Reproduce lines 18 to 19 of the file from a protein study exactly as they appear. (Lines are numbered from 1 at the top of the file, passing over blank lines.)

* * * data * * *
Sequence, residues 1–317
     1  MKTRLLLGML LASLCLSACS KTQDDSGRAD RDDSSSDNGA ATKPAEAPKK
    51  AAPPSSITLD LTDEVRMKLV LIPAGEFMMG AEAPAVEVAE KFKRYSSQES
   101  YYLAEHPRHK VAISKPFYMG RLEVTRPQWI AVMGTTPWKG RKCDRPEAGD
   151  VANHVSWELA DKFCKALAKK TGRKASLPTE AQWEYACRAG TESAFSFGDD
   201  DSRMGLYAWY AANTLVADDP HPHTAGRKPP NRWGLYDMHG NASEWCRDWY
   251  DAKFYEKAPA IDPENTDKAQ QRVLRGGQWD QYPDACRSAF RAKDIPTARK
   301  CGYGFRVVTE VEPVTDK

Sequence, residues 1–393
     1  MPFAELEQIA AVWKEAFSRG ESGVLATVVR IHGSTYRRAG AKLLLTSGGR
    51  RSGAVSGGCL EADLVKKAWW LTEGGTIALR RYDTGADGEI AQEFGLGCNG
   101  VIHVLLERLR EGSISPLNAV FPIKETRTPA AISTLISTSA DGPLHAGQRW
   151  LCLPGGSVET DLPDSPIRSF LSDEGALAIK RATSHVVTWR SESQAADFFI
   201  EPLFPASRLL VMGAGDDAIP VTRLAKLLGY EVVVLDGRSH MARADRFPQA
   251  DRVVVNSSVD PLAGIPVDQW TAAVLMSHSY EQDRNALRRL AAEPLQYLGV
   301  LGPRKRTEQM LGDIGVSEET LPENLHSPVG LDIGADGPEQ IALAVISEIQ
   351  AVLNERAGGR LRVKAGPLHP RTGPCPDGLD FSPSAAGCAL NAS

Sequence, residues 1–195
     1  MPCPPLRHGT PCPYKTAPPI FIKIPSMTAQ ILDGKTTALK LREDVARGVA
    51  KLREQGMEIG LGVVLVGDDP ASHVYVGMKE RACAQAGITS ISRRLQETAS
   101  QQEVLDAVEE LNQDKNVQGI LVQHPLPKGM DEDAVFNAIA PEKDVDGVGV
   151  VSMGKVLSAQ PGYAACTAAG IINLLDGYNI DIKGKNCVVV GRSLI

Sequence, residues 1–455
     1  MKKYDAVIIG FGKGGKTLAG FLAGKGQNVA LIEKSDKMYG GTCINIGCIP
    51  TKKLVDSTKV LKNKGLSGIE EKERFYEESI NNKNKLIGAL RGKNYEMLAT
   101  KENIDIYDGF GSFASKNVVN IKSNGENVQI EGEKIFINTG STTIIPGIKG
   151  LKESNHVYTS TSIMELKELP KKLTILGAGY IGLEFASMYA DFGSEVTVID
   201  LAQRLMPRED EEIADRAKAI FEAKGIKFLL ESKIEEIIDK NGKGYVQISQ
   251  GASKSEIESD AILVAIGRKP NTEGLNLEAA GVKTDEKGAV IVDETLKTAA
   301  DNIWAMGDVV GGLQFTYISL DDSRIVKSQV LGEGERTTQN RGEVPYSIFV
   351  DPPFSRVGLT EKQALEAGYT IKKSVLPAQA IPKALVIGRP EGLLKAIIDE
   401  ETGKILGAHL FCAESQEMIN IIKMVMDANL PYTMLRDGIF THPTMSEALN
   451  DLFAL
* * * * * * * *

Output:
Sequence, residues 1–195
     1  MPCPPLRHGT PCPYKTAPPI FIKIPSMTAQ ILDGKTTALK LREDVARGVA